potential spread are speculative and dangerous. Panic comes from unhelpful,
alarmist reports like this rather than from the virus itself.
The Centers for Disease Control and Prevention (the CDC) isn’t always contributing positive things to our society, either. I’ve recommended them as a source for factual information, but even they have succumbed to hype in an attempt to grab attention. They have advised people to watch The Walking Dead to prepare for the coronavirus “outbreak” and they even have a zombie apocalypse preparedness section on their website.
In his article highlighting the CDC’s advice to watch the walking dead, Sean S. Lealos plays into the hype as describes Hollywood’s depiction of the end-of-the-world scenario and tries to make it real:
“There are also cases like Lyme
disease, which Real Housewives castmember Ramona Singer contracted. That
was due to a tick bite. Yep, zombie-type infections are real.”
While we can’t control the reports that are spreading like, well, viruses, we can control our exposure. Think of limiting your exposure it like sanitizing and staying away from crowds. Wash your hands of online and local news broadcasting, and keep your distance from social media with all of its fear-based postings. Pick a source you trust so you can stay informed, and check in no more than once a day. You’ll be equipped with valuable information, and your exposure to harmful hype will be minimized. In other words, you’ll avoid panic, and you’ll keep your wellbeing.
Choose Your Focus and Your Actions
We can’t control much of what is going on around us right now. (For that matter, we almost never can control what happens around us.) We can, however, control our own thoughts, emotions, actions, and reactions. That happens by being intentional about what you pay attention to.
Staying away from negative reports isn’t always enough. Choose what you do want to focus on, and make that an intentional part of your life. What is important to you? Continue to pay attention to that and to engage in activities that enhance your mental health and quality of life.
It’s possible that you might have to modify how you pursue your passions as events are suspended. It’s probably wise to stay away from crowds, so that’s okay. Be flexible in your approach. Choose to do joyful things in your bubble, and keep your focus and energy on these positive pursuits.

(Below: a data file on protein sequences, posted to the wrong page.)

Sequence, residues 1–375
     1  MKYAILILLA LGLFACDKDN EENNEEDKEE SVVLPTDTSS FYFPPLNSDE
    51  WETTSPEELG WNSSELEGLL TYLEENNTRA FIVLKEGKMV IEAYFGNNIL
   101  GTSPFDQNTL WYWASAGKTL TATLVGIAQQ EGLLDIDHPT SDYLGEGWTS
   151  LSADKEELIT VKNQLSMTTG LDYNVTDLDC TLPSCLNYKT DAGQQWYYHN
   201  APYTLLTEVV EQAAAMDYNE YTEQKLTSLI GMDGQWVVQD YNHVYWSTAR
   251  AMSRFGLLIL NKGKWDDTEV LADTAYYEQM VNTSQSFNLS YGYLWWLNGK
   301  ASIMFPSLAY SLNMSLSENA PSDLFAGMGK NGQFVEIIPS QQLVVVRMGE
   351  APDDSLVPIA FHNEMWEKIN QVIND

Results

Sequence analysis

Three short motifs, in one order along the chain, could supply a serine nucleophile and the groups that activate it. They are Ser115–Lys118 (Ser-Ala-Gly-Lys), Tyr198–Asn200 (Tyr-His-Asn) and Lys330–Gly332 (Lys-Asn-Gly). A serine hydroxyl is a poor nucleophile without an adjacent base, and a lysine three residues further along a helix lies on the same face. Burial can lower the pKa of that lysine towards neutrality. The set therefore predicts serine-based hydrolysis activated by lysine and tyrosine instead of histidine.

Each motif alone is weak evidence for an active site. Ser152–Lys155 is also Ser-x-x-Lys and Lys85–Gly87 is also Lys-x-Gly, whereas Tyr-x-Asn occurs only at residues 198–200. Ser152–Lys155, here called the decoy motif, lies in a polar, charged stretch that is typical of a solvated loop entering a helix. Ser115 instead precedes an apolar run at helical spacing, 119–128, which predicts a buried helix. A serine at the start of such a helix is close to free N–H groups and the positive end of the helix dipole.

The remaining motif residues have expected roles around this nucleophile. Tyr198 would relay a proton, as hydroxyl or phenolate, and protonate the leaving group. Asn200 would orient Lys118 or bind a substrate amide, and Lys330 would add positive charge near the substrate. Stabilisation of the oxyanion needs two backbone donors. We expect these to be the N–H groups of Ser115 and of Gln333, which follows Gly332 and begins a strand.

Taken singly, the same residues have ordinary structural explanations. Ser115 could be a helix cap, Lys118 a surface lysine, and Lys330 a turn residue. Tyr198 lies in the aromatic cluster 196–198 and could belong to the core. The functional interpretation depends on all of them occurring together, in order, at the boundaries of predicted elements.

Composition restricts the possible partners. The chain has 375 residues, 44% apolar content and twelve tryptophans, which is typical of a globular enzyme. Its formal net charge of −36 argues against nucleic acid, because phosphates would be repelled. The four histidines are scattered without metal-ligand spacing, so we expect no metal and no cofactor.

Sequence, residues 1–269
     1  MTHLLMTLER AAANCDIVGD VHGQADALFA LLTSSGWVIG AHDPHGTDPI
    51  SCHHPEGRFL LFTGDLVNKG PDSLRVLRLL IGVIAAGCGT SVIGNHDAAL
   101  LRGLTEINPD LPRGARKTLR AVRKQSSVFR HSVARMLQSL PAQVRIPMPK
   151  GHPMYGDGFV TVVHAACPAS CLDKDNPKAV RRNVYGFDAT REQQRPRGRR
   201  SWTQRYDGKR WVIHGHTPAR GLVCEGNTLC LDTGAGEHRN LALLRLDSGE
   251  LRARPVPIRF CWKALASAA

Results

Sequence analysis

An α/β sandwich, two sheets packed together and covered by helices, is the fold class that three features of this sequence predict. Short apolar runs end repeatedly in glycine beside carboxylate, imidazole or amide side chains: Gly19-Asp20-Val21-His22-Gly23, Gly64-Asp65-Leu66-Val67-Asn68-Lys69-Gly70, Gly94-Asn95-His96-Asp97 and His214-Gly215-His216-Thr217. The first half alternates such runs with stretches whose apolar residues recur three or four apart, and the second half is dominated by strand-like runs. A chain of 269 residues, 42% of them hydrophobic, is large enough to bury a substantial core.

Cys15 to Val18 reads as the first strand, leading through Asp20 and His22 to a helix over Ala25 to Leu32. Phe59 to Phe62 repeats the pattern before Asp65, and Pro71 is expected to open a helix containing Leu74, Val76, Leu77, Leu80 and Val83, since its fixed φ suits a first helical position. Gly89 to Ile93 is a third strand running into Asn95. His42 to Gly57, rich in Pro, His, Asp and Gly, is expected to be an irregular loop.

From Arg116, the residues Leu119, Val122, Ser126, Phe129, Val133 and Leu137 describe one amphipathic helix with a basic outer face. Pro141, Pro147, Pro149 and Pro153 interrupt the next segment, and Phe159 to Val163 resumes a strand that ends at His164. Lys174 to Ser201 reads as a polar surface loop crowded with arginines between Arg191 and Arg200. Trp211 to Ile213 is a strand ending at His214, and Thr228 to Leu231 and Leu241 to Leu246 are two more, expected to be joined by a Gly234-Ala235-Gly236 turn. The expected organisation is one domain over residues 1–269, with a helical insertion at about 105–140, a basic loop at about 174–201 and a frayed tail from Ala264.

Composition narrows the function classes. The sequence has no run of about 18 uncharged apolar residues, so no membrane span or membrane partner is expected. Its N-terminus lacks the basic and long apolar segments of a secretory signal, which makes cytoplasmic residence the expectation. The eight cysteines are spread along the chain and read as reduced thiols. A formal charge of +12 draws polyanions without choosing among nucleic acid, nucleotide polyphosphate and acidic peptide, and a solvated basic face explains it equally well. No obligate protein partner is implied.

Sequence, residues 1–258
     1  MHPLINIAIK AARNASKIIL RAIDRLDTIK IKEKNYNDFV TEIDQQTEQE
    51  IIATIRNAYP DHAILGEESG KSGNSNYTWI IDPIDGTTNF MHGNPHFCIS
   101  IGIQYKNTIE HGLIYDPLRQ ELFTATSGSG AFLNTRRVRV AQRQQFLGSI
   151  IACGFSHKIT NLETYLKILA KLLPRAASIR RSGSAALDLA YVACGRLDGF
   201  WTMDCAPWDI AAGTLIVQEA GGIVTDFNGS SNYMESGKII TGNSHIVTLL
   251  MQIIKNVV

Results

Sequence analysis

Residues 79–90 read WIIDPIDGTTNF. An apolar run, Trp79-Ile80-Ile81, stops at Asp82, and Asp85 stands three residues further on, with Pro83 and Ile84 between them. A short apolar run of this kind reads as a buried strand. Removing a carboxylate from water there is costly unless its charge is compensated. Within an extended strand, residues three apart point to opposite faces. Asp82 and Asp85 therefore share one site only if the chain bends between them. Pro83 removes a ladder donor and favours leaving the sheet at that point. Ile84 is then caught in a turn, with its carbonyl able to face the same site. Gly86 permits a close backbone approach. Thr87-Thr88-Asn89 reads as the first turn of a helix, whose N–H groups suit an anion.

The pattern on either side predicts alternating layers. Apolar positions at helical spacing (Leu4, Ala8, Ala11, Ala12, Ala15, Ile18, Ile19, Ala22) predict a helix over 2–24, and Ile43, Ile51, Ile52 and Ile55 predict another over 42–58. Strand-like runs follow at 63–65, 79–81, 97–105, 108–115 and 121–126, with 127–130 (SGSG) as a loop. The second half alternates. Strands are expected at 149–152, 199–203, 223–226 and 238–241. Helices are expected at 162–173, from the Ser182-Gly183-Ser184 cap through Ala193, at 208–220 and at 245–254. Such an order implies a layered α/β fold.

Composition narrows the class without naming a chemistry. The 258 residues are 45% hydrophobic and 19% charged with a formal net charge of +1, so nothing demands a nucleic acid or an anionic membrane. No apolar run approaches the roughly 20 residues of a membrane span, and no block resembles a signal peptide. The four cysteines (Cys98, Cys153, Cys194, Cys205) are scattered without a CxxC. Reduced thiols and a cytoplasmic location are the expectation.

Be Mindful in Each and Every One of Your Moments
Mindfulness is one of the most important keys to mental health and wellbeing. It won’t change the chaos around you, but it positively affects your life, moment by moment. Panic happens when our anxious thoughts run wild and we are thinking and mentally experiencing problems. When we bring fear into our own mind and immediate world, we aren’t living what is real: our present moment. Pay attention to what you are doing now. When your thoughts zoom to societal mayhem, gently bring them back and pay attention to your moment. Your senses are a great tool for doing this. What do you see, hear, touch, feel, and maybe even taste (within reason) right now? Life is lived in moments, one at a time, and choosing to be present for them drastically reduces anxiety and fear.
Channel your inner Mr. Rogers to make it a beautiful day in your neighborhood.
As you’re choosing your focus and living it mindfully, who
is with you in your current bubble? See them as someone like you, trying to
calm anxiety and remain healthy. Rather than tackling each other for toilet
paper or getting impatient with the healthcare workers who are trying to help
us, perhaps we could all treat one another kindly, one person, one moment at a
time. This will ease tension and open space for positive action that will
If you’d like to, check out these other pieces I’ve written about coronavirus anxiety. They’re similar but different, each with unique information.
- Coronavirus Anxiety: 6 Things You Can Do Now to Stay Calm
- Coronavirus Anxiety 101: Worry, Fear, and How Not to Panic
- Anxiety About the World Via th e News: Reclaim Your Peace (This isn’t specific to the coronavirus but address the news in general.)